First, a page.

Karen and I headed off to Egypt this afternoon for Adam’s performance as the lead in “Joseph and the Amazing Technicolor Dreamcoat,” as put on by St. Dominic’s Catholic School’s sixth, seventh and eight grades. 

It was a fun show! All of the kids seemed to put their “all” into it, with a great Elvis impersonation by the young man portraying Pharaoh. Adam did a great job at Joseph, and it was particularly fun to watch his reaction to the affections of Mrs. Potiphar.  (I loved the minimalist set design, which put the focus on the actors.)

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where on the road is AB?

Guess that all this time shifting with our mondo-cool Series 3 HD TiVo ain’t always a good thing. With the capacity to store up to 300 hours of television shows, easily allows me to let hours and hours — more like half hours and half hours — of “Good Eats” to pile up on the hard drive. (I tend to save them for the off season.)

In doing so, it seems that I missed the boat on “Feasting on Asphalt 2.” Apparently, AB (that’s Mr. Alton Brown to non-foodies) hit the road last month and will still be riding along this month to finish filming six episodes of “Feasting on Asphalt2,” a self-apparent follow up to the first “Feasting on Asphalt.” (There’s also a mysterious title “A Taste of Tarmac” floating around on AB’s Web site…a possible subtitle?)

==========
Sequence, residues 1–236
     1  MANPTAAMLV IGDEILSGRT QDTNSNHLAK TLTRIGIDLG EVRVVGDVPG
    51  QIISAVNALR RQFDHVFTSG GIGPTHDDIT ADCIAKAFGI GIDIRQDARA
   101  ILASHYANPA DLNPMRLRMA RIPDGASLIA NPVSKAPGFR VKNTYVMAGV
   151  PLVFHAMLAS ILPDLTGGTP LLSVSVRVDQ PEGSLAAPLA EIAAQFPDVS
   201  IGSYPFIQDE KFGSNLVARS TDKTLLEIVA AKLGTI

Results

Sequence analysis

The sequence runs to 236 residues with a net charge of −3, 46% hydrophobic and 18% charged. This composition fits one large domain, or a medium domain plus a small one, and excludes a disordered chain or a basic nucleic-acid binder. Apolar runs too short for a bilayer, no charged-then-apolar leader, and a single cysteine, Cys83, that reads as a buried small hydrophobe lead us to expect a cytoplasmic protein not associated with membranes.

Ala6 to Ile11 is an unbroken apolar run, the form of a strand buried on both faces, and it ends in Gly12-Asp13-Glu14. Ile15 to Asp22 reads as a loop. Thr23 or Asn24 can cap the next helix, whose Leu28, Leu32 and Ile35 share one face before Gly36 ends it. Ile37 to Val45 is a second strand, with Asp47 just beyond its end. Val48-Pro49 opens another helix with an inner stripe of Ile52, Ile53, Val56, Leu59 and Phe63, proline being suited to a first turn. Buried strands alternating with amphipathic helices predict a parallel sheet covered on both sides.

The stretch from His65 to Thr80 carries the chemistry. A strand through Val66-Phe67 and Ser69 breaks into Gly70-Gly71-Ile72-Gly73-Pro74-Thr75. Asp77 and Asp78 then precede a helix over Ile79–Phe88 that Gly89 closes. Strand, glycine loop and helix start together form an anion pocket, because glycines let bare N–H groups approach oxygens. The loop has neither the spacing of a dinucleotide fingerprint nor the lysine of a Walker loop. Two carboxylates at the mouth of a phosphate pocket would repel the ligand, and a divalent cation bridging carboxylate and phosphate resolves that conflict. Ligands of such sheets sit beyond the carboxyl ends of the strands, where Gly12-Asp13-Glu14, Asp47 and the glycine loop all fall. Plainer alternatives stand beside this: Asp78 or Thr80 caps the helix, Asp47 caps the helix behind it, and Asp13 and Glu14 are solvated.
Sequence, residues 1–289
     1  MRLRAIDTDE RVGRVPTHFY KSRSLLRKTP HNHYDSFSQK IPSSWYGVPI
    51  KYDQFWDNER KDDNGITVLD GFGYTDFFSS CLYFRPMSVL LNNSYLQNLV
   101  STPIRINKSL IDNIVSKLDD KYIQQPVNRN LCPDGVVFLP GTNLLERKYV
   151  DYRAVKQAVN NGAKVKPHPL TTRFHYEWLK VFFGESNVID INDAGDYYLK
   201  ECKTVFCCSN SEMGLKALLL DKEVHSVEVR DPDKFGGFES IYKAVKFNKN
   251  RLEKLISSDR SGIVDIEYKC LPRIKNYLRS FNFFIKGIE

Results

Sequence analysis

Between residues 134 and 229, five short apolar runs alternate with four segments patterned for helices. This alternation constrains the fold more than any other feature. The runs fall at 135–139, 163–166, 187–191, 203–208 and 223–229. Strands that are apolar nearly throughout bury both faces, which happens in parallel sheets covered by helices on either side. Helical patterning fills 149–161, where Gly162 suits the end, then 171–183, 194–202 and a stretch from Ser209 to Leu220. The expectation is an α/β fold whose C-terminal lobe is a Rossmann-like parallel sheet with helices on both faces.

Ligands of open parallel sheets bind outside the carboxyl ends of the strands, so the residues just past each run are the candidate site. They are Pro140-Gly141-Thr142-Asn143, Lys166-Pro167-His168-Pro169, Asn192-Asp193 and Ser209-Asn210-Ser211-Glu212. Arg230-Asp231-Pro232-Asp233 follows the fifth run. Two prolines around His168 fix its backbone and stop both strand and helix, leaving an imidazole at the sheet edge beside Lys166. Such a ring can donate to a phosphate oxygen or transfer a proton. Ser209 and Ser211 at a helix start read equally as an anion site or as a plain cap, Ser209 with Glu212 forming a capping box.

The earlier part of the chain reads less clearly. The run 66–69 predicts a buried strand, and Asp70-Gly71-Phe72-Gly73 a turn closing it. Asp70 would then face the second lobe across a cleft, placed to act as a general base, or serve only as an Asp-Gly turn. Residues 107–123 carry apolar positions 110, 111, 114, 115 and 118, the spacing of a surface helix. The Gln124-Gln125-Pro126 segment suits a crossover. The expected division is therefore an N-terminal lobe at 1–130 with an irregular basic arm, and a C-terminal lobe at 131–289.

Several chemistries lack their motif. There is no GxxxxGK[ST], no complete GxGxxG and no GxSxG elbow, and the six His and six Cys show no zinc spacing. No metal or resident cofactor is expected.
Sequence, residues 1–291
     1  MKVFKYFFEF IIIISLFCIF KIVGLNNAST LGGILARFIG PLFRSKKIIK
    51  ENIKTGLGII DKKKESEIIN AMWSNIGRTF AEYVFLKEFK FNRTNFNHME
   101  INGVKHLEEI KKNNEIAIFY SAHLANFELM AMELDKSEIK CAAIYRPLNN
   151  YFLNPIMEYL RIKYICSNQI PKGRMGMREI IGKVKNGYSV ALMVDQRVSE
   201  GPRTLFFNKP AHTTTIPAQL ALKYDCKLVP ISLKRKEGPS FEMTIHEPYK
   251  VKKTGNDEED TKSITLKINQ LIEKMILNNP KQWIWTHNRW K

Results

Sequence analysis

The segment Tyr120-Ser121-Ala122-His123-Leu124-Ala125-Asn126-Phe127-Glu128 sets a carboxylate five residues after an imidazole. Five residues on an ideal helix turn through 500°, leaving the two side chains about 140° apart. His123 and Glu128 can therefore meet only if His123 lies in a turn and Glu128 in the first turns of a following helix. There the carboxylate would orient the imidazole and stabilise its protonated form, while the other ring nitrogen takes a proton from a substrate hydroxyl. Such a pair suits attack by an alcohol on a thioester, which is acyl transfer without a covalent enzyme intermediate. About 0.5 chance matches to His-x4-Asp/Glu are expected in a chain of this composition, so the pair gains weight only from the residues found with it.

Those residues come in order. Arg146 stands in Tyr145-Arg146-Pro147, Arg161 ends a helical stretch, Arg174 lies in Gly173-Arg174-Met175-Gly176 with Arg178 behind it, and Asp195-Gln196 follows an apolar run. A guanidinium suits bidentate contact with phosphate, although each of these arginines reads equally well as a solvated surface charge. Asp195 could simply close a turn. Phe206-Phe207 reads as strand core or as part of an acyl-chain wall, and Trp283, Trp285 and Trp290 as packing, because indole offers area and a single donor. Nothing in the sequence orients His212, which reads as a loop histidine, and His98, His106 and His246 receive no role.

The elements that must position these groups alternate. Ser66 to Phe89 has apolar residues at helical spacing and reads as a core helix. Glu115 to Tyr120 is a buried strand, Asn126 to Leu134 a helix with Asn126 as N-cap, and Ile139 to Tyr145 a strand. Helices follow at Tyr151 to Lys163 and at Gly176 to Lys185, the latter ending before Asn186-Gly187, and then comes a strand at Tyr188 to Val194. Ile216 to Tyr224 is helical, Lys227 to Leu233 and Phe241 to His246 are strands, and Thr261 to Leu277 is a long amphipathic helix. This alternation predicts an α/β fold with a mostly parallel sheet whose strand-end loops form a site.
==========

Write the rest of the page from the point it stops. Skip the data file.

According to his blog, AB last was in Mississippi…but that was back on April 25. Digging around, perhaps I found the reason for the sudden stop to his blogging about his escapades…

Like the country song says, “I got a long way to go and a short time to get there.” Turns out it’s not too safe to write while riding my bike, so the whole Feasting on Asphalt 2 adventures will post once we finish shooting. Remind me to tell you about the wasp that got inside my helmet…

A wise decision I would say, and I am sure he doens’t want a repeat of last year’s nasty turn of events.  In the meantime, mark your calendar or set the alarm in Outlook or on your Palm for August 4, when “Feasting on Asphalt 2” will premiere.  (This means you Tom, Luci, Nicholas and Nathan!)

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today’s early opening for Tioga Road

Blogger Loyd Schutte put out an early alert on his Yosemite Blog that Tioga Road is set to open today at noon. This is one of the earliest openings of the road in recent memory and is good news in terms of some early season fishing in the high country.

A light snow pack, early warm weather and limited damage to the road sped its clearing. The last time the Tioga Pass Road was opened close to mid May was during 2004 and 2001. Beyond that you have to go all the way back to 1990 for such and early opening date. If you’re inclined, you can take a look at the pass at the Tioga Pass Web Cam.


stocking the fly box

Flies, flies and more flies. I was lucky enough to pick up some flies tied by other members of the Diablo Valley Fly Fisherman club during Tuesday night’s auction. (Even got some hints from a “fishmaster” about some flies that might do well on Putah Creek, our only local trout water.)

But I’ll tell you what…I’m going armed with a bit more cash next year if this fly fishing thing takes root. Gear was generally going for the equivalent of half the retail price, and it was for a good cause. It’s also great to experience the sincere “hellos” from club members, which helps dispel the myth that fly fisherman are a snobbish bunch with expensive equipment. I’m already saving pennies for next year’s auction!

A few flies from the auction.

A few flies from the auction.